The Uganda Police Force has been caught so many times in human rights violations, that over the years, it has become synonymous with brutality and excess.
According to a 2017 Uganda Human Rights Commission (UHRC) report, out of 754 human rights related complaints filed at the body, Uganda police was responsible for 419.
As such, I had this at the back of my mind when I set off to meet Inspector of Police Samuel Ojobira, at his residence in the Kampala suburb of Seguku.
After snaking my way past sprawling bungalows and muddy roads I finally found his home, a modest house built on a glide in one of the low lands there.
Inspector of Police Samuel Ojobira commonly known by his stage name Afande O.J is a trained police constable whose pulsating afro fused jams have often left people in awe.
Meeting him, one can’t help wondering what this seemingly good policeman is trying to achieve on the social scene.
Music and O.J have intertwined like Siamese twins since early schooling years.
Born in 1983 in Kateta Sub County in Serere district, Ojobira attended Moru Atiang primary school in Serere, Soroti SS and Teso College Aloet before joining St. Stephens’s Education center all in Soroti.
It was here that his singing talent was nurtured as he became active in the school and church choirs.
But with no funds and support his career, he opted to join the Uganda Police Force in 2007 and was passed out in 2008.
He fully settled into his new job as a trainer at Kabalye police training school.
But occasionally when opportunity availed itself, he would perform for his fellow officers.
That was all until one day while then Inspector General of Police (IGP) Gen Kale Kayihura was touring Kabalye, and he happened to capture his attention.
Amused and gleeful Kayihura recommended that Ojobira be transferred to Police’s music department to head the jazz band.
On top of that, Ojobira was instantly promoted from the rank of sergeant which he had attained two weeks back to Inspector of Police he holds to date.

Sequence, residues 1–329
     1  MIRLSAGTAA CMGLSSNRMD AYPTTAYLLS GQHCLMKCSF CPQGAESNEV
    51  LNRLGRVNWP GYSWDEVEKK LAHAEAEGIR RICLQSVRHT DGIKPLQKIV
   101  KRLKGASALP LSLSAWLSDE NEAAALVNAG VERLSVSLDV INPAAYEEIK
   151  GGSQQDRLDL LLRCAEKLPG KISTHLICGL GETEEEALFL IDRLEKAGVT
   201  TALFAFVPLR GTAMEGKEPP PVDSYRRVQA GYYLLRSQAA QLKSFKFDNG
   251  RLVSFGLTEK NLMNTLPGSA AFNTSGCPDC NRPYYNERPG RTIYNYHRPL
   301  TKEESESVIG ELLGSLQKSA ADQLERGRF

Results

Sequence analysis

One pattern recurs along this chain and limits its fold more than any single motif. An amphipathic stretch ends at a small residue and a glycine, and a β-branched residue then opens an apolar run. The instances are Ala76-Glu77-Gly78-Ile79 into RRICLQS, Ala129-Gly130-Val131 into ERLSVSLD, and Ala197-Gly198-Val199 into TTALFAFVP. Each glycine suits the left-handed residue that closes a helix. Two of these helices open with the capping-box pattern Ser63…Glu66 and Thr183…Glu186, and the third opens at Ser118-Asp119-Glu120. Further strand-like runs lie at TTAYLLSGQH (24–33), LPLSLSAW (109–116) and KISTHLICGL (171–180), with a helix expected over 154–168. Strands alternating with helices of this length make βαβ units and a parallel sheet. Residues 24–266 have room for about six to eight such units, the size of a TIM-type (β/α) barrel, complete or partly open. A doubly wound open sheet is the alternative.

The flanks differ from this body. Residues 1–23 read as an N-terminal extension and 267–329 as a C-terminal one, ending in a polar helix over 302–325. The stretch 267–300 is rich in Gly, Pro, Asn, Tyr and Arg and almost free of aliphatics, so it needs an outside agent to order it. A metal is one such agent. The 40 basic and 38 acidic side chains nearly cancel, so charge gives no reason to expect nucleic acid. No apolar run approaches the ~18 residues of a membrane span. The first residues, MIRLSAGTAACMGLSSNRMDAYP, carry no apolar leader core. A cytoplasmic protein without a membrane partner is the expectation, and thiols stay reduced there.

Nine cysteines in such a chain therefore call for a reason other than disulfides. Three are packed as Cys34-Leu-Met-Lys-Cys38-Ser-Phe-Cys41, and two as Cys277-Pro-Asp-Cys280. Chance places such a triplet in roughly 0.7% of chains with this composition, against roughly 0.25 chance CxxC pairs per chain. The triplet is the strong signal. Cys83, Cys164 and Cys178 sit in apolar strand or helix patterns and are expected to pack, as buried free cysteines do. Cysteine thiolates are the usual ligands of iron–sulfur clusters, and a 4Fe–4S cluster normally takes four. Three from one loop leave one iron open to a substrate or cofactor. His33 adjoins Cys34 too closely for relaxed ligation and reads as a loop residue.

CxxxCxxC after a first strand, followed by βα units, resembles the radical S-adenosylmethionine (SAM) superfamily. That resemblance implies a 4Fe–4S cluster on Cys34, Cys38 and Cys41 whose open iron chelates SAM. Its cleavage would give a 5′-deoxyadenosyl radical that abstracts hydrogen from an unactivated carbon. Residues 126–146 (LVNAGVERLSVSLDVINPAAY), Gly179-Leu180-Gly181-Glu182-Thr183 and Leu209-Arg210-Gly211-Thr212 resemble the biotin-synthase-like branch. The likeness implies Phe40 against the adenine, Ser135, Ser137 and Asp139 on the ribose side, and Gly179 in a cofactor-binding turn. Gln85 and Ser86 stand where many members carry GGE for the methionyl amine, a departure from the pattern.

“Gen Kale Kayihura actually was inspired by my music. Reason is he wanted to encourage officers to be innovative and creative”, he says.
Things would turn for the better from there on.
In August 2016, together with a colleague known as Afande Miah they released Kazi Yetu, a song that talks about the great work done by police in protecting their motherland.
As the song thrived on YouTube in 2016, BBC flew in reporters to Uganda to capture his unique story.
This song also earned him a nomination at the 2017 HiPipo Music Awards in the best afro-pop song of the year.
— Uganda Police Force (@PoliceUg) January 14, 2017
Ojobira followed this up with another single, Physically Fit which talks about how policemen are able to serve Ugandans at all costs.
As he goes on and on in our interview at the front porch on two neatly woven papyrus chairs, I ask the officer who inspires him musically both locally and international. After brief lull of hesitation, he says Bob Marley and Lucky Dube.
As for his old music idle in Uganda, he names Kyadondo East MP Hon. Robert Ssentamu Kyagulanyi aka Bobi Wine.
That was followed by pause and a hearty laugh.
“I love Bobi Wine,” he says.
“He is so strategic in his way of doing things and that is why I think he has made it in life. By the way, he is not poor; he is one of the guys who have really made it in life and in music”.
When I ask him whether the public has been receptive to his music, Ojobira says wherever he has performed, people have received him enthusiastically.
“Right out here it may seem that people don’t support police but it’s a different story when I get on stage. My performances are very energetic and unique. Whenever I perform I have had people hand me money on stage.”
“People are excited and feel this is something that is new. Uganda police is not just all about guys carrying batons and teargas but also is a custodian of music”
Besides the public, the officer says fellow artistes have been so helpful as well.
Since 2017, Ojobira has been working at the Uganda Registration Services Bureau (URSB) Intellectual Property department. He describes his bosses as amiable and considerate.
“Whenever they have functions they have me to entertain the guests. Whenever I get bookings, they have always given me permission to go and perform”, Ojobira retorts.
Among producers he has so far worked with include; Washington Ebangit, Ronnie Da Don of Hinterland Music, Big Nash and Kaysam ku Mapeesa.
He now plans to work with Nessim. Nessim is the sensation behind some of artistes’ A-Pass, Feffe Bussi, and Good Life hit songs.
He says among his achievements include meeting President Yoweri Museveni on a crime prevention tour in Kasese.
The President handed him an envelope and promised to meet him in person, which he still awaits.
This article was orginally posted here Source link